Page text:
Moonlit Night

by Du Fu

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Themes and Meanings

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Last Updated on May 5, 2015, by eNotes Editorial. Word Count: 534

Family reunion is an important theme in Chinese poetry, and many poems are based upon the “reunion topos [topic].” In a poem employing this topos, the full moon—especially that of the Mid-Autumn Festival, when the moon is roundest and brightest—takes on symbolic meanings because it reminds the poet of his or a family member’s separation from the home. “Moonlit Night” certainly belongs to the genre of poetry built around the “reunion topos.”

What sets “Moonlit Night” apart from other poems dealing with separation and reunion, however, is its ingenious treatment of the object of longing. Traditionally, it is usually a man who yearns for a reunion with a friend or a brother. Du Fu has, in fact, written another “Moonlit Night” poem about his brother using the reunion topos. The yearning for one’s wife in this poem subtly adds to the general theme of separation and reunion the somewhat more novel theme of love. In addition, as far as the tradition of Chinese love poetry is concerned, it is usually the wife who yearns for the return of the traveling husband, whereas here it is the husband who yearns to return to his wife, who he believes is also yearning at the same time for his return. In its layering of yearning upon yearning, “Moonlit Night” may be described as a love poem in which the relationship between subject and object is obscured. The ending of the poem, which must have shocked its readers because of its rather direct proclamation of passionate feelings, in effect inaugurates a new sensibility that Chinese male poets will feel comfortable to exploit thereafter.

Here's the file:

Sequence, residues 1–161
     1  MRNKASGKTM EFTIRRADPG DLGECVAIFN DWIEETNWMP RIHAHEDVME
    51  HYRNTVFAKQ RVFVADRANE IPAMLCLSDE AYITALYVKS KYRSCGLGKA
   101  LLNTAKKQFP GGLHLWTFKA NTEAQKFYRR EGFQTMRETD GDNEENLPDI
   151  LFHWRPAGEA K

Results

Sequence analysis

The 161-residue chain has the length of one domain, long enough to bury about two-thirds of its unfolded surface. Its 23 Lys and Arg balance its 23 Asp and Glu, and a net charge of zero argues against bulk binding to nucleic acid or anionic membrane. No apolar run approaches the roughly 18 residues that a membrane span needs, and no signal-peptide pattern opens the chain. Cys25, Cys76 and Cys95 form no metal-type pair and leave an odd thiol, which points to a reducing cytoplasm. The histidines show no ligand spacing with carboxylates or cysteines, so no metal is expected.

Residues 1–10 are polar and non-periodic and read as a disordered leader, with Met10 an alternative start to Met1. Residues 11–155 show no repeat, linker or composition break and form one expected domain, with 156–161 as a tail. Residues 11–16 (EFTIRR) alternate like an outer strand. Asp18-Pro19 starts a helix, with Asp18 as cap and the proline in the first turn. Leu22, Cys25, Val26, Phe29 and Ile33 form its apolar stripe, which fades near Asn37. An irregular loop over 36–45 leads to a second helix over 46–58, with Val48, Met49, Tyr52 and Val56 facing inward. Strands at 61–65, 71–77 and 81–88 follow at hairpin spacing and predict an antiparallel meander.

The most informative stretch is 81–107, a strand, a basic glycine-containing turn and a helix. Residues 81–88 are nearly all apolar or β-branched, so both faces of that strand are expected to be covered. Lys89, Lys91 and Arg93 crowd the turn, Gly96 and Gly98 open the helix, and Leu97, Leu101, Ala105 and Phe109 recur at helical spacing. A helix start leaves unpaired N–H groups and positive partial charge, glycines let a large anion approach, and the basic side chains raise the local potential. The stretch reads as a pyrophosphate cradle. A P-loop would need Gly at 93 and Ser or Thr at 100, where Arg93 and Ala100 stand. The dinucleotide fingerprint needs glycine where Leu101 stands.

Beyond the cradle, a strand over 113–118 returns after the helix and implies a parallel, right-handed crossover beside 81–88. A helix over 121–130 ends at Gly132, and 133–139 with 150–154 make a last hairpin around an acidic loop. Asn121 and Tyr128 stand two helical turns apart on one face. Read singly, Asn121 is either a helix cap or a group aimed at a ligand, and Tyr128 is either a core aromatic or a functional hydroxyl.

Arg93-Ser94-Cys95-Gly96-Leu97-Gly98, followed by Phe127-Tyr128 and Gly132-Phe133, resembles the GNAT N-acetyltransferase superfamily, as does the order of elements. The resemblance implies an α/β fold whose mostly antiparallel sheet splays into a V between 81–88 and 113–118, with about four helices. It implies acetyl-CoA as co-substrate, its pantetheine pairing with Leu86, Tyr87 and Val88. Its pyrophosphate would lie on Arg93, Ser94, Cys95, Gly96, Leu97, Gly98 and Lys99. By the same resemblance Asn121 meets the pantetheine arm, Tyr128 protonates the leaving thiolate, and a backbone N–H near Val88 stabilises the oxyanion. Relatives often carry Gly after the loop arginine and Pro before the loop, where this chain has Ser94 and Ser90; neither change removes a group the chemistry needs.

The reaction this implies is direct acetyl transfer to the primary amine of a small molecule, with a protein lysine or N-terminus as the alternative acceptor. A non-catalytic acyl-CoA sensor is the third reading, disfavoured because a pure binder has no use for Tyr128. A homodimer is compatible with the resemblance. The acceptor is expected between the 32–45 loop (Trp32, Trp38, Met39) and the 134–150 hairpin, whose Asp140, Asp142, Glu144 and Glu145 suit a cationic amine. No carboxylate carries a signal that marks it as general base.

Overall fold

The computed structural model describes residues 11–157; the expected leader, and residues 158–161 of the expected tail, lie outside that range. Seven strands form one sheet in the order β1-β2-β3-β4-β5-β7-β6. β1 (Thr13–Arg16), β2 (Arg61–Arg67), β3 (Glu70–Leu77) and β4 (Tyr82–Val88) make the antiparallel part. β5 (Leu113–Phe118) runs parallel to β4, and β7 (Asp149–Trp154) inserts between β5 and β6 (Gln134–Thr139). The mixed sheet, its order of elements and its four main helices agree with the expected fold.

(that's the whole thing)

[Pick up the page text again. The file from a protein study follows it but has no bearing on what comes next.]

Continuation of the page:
From a larger perspective, it can be said that a political theme is also intertwined with the reunion theme and the love theme of the poem. In “Moonlit Night,” as lines 1, 2, 5, and 6 make clear, one of the basic situations is that of a woman who is saddened by the absence of her husband. This allows the reader to see the poem from the perspective of the “boudoir plaint” convention that has been popular since the Han dynasty. In a “boudoir plaint” poem, a wife usually laments the absence of her heartless husband, who is traveling as a merchant, fooling around with courtesans in the city, serving in the capital as a bureaucrat, or stationed at the frontier to fight against barbarians. In a subtle sense, “boudoir plaint” poems are not simply love poems but also, more importantly, allusive critiques of government policies such as war and social evils such as the practice of concubinage that have led to the desolation or desertion of the woman. T’ang poetry is in fact replete with examples of “boudoir plaint” poems that raise serious questions about the tragic dimensions of war. In Du Fu’s poem, a political theme along the lines of the “boudoir plaint” tradition thus lurks behind the mention of place names such as Fu-chou and Ch’ang-an. Considering Du Fu’s reputation as a patriotic poet, the hardships involving him, his family, the people, and the nation as a whole could very well be part of the cause for tears to be shed upon the reunion of husband and wife.

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